Art Works Blog

Inside the NEA: An Intern's Perspective

Text and photo by Jamie McCrary

I wasn't sure what to use as a picture, but I figured a notebook and some coffee are a pretty accurate portrayal of my work here.

When I moved to Washington, DC in August, I hit the ground running. There were so many things I wanted to do, and I didn’t want to waste any time getting started. Beginning graduate school, jumping into a couple of part-time jobs, meeting new friends and colleagues---these were all things on my agenda. Perhaps the most anticipated beginning, though, was the start of my public affairs internship at the National Endowment for the Arts (NEA). I’ll admit that I wasn’t exactly sure what I was getting into. I knew I would be learning the ins and outs of the agency, giving me the chance to more deeply grasp what the NEA does. I knew I’d have a chance to exercise my editing and research skills. I knew there would be a lot of writing involved, which is a skill I hope to hone in on as my career. What I didn’t anticipate was how much I would learn from meeting and talking to so many focused and inspired people. The perspectives I’ve developed through listening to conversations, conducting interviews, and simply talking with NEA staff has deeply impacted my understanding of what “art works” truly means.

When I started in September, I had never transcribed or conducted an interview, and had no idea how challenging---and rewarding---this process could be. At first, much of my work consisted of listening to a staff-conducted interview and transcribing it to text. Though I’ll admit this could tedious at times, listening to so many conversations with artists, grantees, and leaders in the arts world proved to be deeply engaging. It’s phenomenal how much I’ve learned by simply listening to a conversation. One afternoon I would listen to an interview with Chairman Landesman about creative placemaking. The next day I’d learn about Okinawan dance and how its roots have transformed Hawaiian society. Later in the week I’d listen to how a theater has changed a small community in Michigan. Not only did these varied conversations further inspire my passion for the arts, but they initiated a curiosity in me. How are the arts really affecting these communities? What different things are people doing with our grant money? What is it inside these individuals that make them so incredibly committed to the arts?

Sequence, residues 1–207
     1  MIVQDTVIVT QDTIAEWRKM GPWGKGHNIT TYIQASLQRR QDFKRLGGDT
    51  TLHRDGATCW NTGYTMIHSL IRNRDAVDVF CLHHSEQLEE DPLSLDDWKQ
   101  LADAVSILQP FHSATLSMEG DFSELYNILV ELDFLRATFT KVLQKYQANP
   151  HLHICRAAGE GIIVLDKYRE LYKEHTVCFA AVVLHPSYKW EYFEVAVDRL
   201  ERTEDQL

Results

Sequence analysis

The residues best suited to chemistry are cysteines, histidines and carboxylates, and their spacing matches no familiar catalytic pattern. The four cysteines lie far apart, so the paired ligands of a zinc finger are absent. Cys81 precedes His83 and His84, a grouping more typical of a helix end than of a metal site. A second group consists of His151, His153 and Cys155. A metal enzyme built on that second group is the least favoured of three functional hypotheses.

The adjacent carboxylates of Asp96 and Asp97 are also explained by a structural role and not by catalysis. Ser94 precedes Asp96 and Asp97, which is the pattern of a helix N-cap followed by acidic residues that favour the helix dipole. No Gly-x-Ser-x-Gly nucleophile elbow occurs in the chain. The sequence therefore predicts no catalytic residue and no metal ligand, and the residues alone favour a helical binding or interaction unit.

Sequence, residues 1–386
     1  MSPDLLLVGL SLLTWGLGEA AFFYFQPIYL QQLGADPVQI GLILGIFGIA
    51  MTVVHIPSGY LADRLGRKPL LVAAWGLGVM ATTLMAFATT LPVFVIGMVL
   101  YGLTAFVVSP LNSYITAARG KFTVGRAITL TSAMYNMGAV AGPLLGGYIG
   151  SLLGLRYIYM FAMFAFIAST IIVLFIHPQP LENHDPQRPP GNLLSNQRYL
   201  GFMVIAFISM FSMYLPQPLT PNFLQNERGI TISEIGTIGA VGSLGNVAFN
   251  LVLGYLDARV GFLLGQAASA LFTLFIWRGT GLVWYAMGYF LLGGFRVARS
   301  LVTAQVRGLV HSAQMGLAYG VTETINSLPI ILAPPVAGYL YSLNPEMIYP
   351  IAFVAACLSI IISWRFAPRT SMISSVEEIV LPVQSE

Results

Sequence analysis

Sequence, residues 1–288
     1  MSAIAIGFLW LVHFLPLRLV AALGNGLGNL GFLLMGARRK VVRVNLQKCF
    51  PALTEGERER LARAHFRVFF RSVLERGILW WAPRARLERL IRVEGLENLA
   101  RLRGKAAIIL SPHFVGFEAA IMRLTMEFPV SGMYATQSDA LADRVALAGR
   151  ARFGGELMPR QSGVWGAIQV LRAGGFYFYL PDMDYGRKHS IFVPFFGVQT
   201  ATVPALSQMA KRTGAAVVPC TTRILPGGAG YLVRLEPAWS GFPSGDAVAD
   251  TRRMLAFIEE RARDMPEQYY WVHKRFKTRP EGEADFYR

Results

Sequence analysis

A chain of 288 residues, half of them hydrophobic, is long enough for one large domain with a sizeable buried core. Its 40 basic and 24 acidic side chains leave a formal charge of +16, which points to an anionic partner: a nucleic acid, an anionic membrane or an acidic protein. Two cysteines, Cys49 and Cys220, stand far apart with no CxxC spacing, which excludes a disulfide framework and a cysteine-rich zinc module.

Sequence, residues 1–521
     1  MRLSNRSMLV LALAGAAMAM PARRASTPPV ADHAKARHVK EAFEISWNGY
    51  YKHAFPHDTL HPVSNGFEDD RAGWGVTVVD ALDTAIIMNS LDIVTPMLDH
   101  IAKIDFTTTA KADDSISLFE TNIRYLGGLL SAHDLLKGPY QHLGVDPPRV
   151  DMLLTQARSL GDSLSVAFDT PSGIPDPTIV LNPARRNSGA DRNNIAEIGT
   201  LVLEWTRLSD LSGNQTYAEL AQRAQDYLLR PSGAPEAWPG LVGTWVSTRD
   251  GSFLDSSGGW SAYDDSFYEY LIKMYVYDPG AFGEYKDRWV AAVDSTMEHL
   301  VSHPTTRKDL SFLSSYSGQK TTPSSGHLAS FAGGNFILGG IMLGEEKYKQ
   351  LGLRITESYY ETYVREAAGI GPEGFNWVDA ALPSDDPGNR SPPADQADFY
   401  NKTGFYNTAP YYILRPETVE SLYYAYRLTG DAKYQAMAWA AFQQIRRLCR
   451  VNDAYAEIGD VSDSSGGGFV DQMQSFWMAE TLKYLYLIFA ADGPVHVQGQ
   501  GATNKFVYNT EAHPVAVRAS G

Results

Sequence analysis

Conducting my own interviews proved to be a bit more involved than transcribing one. I’m a naturally curious and inquisitive person, so the thought of drafting interview questions didn’t seem too challenging---until I sat down to actually do it. Asking deep and probing questions doesn’t just require curiosity. It demands real insight into the interviewee’s perspective. It requires you to drill down to the core of what is fascinating and moving about your subject, and ask yourself how you can inspire this same thought process in your interviewee. I found I really had to think for myself. While people could make suggestions of good questions to ask, no one could really tell me what I found fascinating, or how to craft questions around this curiosity. This is not a process that is black and white; it requires an open mind and deep, critical thinking. Exploring this thought process was unexpected, and also something I think I will be working on for the rest of my life. I can’t think of another internship where I would have the freedom and encouragement to discover myself in this way.

Though I am incredibly grateful for the experiences I’ve had at the NEA thus far, I am most thankful for the people I am working with. The staff has been incredibly welcoming and encouraging, making themselves available to any questions, concerns, or difficulties I might be having. I’ve worked internships in the past where my role was to grab coffee, make copies, maybe run a few errands. My experience at the NEA has been completely the opposite. I am treated as an equal and a valued as an important part of the public affairs team. I’m not here just to be an extra body; people listen to my thoughts, value my opinions, and are very open to what I have to say.

I’m looking forward to a lot of things when I return to the NEA in the spring. I’m looking forward to further developing my writing and interviewing skills. I’m certainly excited to learn more about all the grants, initiatives, and programs the NEA supports. Most of all, though, I’m looking forward to continuing to discover different people’s perspectives, exploring how art works not only in individual lives, but throughout the nation.

Jamie McCrary is currently working on her master's degree in Arts Management at American University. She recently moved to Washington, DC from Denton, Texas, where she earned her Bachelor of Music in viola performance from the University of North Texas.

 

 

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